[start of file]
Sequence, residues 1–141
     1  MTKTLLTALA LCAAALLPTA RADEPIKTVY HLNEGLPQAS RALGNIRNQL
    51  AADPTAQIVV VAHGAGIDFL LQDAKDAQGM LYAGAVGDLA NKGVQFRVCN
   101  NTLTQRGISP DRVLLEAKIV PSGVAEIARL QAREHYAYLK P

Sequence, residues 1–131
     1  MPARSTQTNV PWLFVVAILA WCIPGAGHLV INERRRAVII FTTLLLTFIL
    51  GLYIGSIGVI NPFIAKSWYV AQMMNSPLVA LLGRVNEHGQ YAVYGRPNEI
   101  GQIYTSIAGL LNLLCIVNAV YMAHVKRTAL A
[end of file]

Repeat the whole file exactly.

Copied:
Sequence, residues 1–141
     1  MTKTLLTALA LCAAALLPTA RADEPIKTVY HLNEGLPQAS RALGNIRNQL
    51  AADPTAQIVV VAHGAGIDFL LQDAKDAQGM LYAGAVGDLA NKGVQFRVCN
   101  NTLTQRGISP DRVLLEAKIV PSGVAEIARL QAREHYAYLK P

Sequence, residues 1–131
     1  MPARSTQTNV PWLFVVAILA WCIPGAGHLV INERRRAVII FTTLLLTFIL
    51  GLYIGSIGVI NPFIAKSWYV AQMMNSPLVA LLGRVNEHGQ YAVYGRPNEI
   101  GQIYTSIAGL LNLLCIVNAV YMAHVKRTAL A